Old Is new again at Showtime
December 20, 2013,
Sunbrella Icon – Sunbrella’s new Icon collection draws inspiration from the company’s designs of the past. Shown here are bold looks based on Sunbrella awning fabrics from 1961.
Several of Phifer's latest collections reinterpreted classic patterns by infusing them with more contemporary colors. Intricate damasks, botanicals and paisley looks melded with shades of peacock blue, emerald green, azalea pink, vivid coral and rich purple for an updated take on traditional.
Paisley patterns also appeared in the Island Way line, presented in a range of colors from Caribbean blue to neutrals at David Rothschild Company's showroom. Seascape, another new fabric group, captures the movement of waves in a pattern customers can turn either horizontal or vertical. "The thing we can offer are clear colors," said Jenny Gorman, senior designer. "We also are trying to offer fresh looks."
Jane Matteson of Swarovski Elements highlighted a similar theme of the old becoming new during her trend presentation, "Opposites Attract: Fall/Winter 2014/15." One of the trends she highlighted, Urban Nomad, converges the soft natural shades of classic bohemian looks with deep, romantic variations of purple.
"Look for equal measures of roughness and refinement," Matteson said. "We're playing with polar opposites and seeing how they respond to each other."
A fresh twist on classic designs is the tenet of Sunbrella's new Icon collection, featuring dramatic stripes and solids in an array of bold colors inspired by the company's designs from the 1960s and '70s. "It's inspiration from Glen Raven's rich history," said Greg Voorhis, decorative fabrics design manager for Glen Raven. "They're iconic patterns from Sunbrella's past."
Voorhis said vintage, handmade looks also continue to perform well for Sunbrella. "We're still pushing that artisanal, handmade look and it's still very strong," he said. "We say we're artistry meets industry." Artisanal, Southwest-inspired looks were prominent for several exhibitors, including Phifer and Vision Fabrics.
Companies like Bella-Dura, Sunbrella, Phifer and Al Fresco Functional Fabrics translated menswear looks such as hounds tooth, herringbone, pinstripes and plaids to outdoor fabrics, offering another creative interpretation of classic style.
Geometrics of all shapes and sizes also continued to show their strength, with chevron remaining as popular as ever. And an increasing demand for heavy textures and thicker weaves indicates a desire for textiles that are as pleasing to the touch as they are to the eye.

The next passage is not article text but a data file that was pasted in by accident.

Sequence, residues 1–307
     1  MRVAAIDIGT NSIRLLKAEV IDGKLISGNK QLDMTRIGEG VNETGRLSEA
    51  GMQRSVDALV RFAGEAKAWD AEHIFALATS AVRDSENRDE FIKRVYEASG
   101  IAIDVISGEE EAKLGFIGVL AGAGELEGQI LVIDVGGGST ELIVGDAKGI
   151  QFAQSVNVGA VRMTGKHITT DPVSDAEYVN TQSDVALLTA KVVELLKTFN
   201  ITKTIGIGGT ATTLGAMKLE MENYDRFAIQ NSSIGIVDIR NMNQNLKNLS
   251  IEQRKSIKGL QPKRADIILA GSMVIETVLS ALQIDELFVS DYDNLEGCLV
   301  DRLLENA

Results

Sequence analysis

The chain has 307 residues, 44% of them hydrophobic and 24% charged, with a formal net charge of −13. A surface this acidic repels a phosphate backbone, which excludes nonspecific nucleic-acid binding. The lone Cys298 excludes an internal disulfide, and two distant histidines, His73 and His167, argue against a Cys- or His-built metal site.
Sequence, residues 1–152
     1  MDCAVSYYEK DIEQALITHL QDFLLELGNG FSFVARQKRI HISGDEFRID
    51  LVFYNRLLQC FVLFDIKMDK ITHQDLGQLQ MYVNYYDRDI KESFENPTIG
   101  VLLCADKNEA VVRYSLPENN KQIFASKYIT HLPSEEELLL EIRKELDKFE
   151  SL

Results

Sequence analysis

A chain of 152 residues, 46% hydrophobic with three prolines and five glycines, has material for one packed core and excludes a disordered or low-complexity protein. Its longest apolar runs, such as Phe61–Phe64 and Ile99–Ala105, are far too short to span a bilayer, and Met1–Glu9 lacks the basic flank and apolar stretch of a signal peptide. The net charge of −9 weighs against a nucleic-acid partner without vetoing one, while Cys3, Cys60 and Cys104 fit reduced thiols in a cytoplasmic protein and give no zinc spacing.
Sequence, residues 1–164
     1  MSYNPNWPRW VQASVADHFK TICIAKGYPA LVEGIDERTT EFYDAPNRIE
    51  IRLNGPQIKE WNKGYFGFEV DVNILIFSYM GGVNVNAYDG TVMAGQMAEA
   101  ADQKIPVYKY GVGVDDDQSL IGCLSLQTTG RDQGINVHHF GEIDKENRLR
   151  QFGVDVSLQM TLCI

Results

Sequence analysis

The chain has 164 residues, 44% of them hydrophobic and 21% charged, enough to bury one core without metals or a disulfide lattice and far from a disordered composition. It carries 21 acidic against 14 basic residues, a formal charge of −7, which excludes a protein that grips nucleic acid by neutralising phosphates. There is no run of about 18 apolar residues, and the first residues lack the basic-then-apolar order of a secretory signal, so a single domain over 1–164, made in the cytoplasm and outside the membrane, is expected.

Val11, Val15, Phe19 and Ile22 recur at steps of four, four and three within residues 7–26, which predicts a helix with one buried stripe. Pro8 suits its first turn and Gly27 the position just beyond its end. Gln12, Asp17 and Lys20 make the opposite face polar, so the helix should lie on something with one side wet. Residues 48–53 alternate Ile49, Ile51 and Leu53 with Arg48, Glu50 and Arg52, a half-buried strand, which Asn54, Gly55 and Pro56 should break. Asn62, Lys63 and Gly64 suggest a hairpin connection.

Bella-Dura showcased a host of textured looks including its popular Pleats collection, which Executive VP Ari Gasner said received a "phenomenal" response. "There is no other dimensional outdoor/indoor fabric in the marketplace," he said. "We're really staying high on design."
Outdura introduced five collections to address themes ranging from Avant Garden and Natural Medley to Good Vibrations, Simple Elegance and Global Harmony. "This provides an indoor, residential look with all the features of performance fabrics," Johnny Jones said as he presented the fabrics to furniture manufacturers at Showtime. The company's Ovation program has grown to 89 SKUs, he said, and its top 50 best-selling fabrics are kept in stock for quick shipment via its Express program.
Prismatek Fabric, in partnership with Hoepke, made its debut to the U.S. market at Showtime. Prismatek President Anke Kondek said the introduction of its Active line of performance fabrics drew great interest and good inquiries from high-end manufacturers. "We don't want to play in the low end," she said. Prismatek, based in Fort Myers, Fla., has built its reputation serving the North American interior design market with high quality European fabrics for the hospitality and residential markets. Hoepke is a leading European textile company supplying upholstery fabrics to the furniture industry in Europe and Germany, where it is based.
The June edition of Showtime saw indoor looks moving out and outdoor styles moving in, a trend that continued in December. Robert Allen partnered with Crypton to produce a line of performance fabrics geared toward furniture, top-of-bed and draperies, showcasing a bevy of bold patterns in shades from spring green to berry red that are both fashion-forward and easy to maintain.
Softline Home Fashions, which primarily produces indoor fabrics, featured a line of draperies, pillows and poufs for outdoor use that it designed in partnership with Sunbrella. Solids and stripes in blues and reds imbue the line with a nautical feel.
In terms of color, orange saw a resurgence in softer variations of coral and apricot. Shades of blue also held steady, from spa blue to soft cornflower to deep indigo. Vision Fabrics highlighted blue as its chosen color of the year. "The inspiration is everything happening with the economy and America wanting to bring things back home," said Roxanne Newby, market manager at Vision Fabrics. "And what's more American than a pair of blue jeans?"
While warm neutrals like browns and taupe were prominent among indoor fabrics, many exhibitors agreed gray remains the neutral of choice for outdoor. "Gray is big," Newby said. "It's the perfect backdrop. You can put any color on there."
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